The implicit assumption here is that, on one side, governance should stay away from infusing any value or judgement on what organisations have to achieve (you can still build very hierarchical, opaque, unequal dynamics through Holacracy) but, at the same time, it should also sterilise humanity by moving authority into a new space called organization governance as the only means to achieve maximum performance at identifying and resolving tensions. People and the organization are intentionally decoupled. McGregor may say Holacracy feels the urge to constrain individuals to adhere to Theory Y.
Together with many areas of commonality, Sociocracy thus diverges from Holacracy regarding the dimensions below:
- Decision making: the decisions that in Sociocracy are made by consent, within the range of personal tolerance of circle members, in Holacracy are made by raising objections, purely on the impact of the decision on the organisation ability to progress towards its purpose. The validation and integration of objections in Holacracy is strictly codified. People needs, preference or tolerance are not taken into account in any way. Two widely distant, both powerful point of views. Score 7.5/10.
- Information visibility: transparency is declared as a pillar in Sociocracy. It is strictly required to achieve clarity (about what to expect), to enable agency (if you don’t know, you cannot act), to allow participation and equivalence (power is in those who do the work and you can contribute only when you are aware of who is doing what and have access to information), to generate learning opportunities (not explicitly addressed in Holacracy). Score 7.5/10 as no specific indications are provided for how to bring transparency into action at the enterprise level (on top of having a secretary to keep minutes in the circle and a logbook with all the policies of the organization).
- Organizational structure: even basic constructs such as circles in Holacracy have no reference to people. What they are is a function or a cell of the organization with accountabilities and domains that are entirely independent of the people fulfilling them. Circles have “no responsibilities” for action in Holacracy. Individuals do. Instead of giving suggestions that are approved by consent in the circle, individuals are requested to step outside of their personal identity to act as sensors of tensions (gaps between current reality and an ideal state) on behalf of the organization and its purpose. Actions to fill the gap are assigned to individuals. Score 7.5/10 as the structure is not flat (hierarchy of specificity among circles not people).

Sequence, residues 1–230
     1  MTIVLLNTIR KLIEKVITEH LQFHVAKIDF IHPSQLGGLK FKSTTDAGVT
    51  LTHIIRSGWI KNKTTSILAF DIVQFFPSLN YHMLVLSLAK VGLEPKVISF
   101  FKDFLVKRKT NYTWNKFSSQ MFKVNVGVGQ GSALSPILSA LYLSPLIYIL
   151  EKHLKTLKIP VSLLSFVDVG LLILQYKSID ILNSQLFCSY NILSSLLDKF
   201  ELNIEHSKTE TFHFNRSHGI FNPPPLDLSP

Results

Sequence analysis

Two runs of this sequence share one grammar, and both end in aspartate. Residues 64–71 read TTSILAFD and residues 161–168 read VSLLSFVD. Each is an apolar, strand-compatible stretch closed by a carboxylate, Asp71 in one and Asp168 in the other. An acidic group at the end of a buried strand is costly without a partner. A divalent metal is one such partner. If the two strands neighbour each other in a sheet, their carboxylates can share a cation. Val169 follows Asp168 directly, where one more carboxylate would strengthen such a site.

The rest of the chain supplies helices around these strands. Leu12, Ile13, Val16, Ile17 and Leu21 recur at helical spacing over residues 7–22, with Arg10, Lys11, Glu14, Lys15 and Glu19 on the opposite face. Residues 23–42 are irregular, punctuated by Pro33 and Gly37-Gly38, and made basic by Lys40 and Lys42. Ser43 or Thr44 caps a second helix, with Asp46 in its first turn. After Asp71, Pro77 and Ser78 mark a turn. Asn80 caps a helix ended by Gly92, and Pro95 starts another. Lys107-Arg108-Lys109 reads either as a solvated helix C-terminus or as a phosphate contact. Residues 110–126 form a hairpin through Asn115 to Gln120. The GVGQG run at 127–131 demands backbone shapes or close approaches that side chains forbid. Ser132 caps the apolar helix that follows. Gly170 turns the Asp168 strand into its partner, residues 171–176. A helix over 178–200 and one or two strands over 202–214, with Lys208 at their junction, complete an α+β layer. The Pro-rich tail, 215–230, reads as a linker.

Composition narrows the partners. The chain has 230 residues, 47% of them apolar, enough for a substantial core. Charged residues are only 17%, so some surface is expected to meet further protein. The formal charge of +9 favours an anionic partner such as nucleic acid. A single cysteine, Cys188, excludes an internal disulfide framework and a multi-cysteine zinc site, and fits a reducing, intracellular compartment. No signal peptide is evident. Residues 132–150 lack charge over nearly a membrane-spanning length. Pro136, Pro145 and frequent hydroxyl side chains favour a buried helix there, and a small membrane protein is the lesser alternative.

- Management style: while Sociocracy still has the role of a leader in each circle, the large set of shared values at its genesis and a softer / more empathic facilitation style, make it easier for the team to work in quite a relaxed and horizontal way. On the other side, a much less formalised distribution of authority (who can do what and who can decide what at the operational level within the circle), makes it harder to see when the leader has to step in or when members can act in full autonomy. Score 8/10, as a real self-management is not yet available in Sociocracy.
- Work allocation: connected to the point above, elections (selections in Sociocracy language) for circle roles (such as leader, delegate, facilitator and secretary) are generally let to the team, not to somebody in a higher circle. Also operational roles (those specific for the work to be done) are elected by the circle through consent in Sociocracy. Even in those cases in which a role is decided from above, the accepting circle has to approve by consent (and viceversa in the higher circle). The difference is particularly stark with Holacracy here, as both the leader and individuals filling operational roles are chosen from the top (the higher circle and the leader). Another major distinction is how clearly Holacracy separates governance activities and meetings, those meant to attribute authority through integrative decision making, and tactical ones, in which less interdependent and more autonomous work without any shared decision making is expected. For Sociocracy, I consider a score of 8/10, as individuals still cannot decide autonomously which roles to pick (open allocation).
- Self expression: the worldview Sociocracy comes from and represents speaks loud about individuality, feelings, a need but also a safe space for showing that part of ourselves that remains most often hidden in the office. The language used in facilitation is meant to make any voice heard and integrated into decision making, while still giving individuals full responsibility to satisfy their own personal needs (this dimension is entirely missing in Holacracy). Scores is 7.5/10 as the effect is more accidental than intentional.
- Ownership: the Mission Circle is in Sociocracy not just a purpose keeper but also a powerful direct bridge to all of the company’s stakeholders (employees, co-owners, funders, customers) and potentially to representatives from other organisations. Together with consent-based decision making, this means power cannot be exercised over but only with all the constituents and that the firm owns itself, even in absence of formal mechanisms for inclusive ownership. Sociocracy thus complements very well other approaches such as steward ownership or for-purpose enterprises that are still required to encode progressive incorporation forms. Score is 6/10.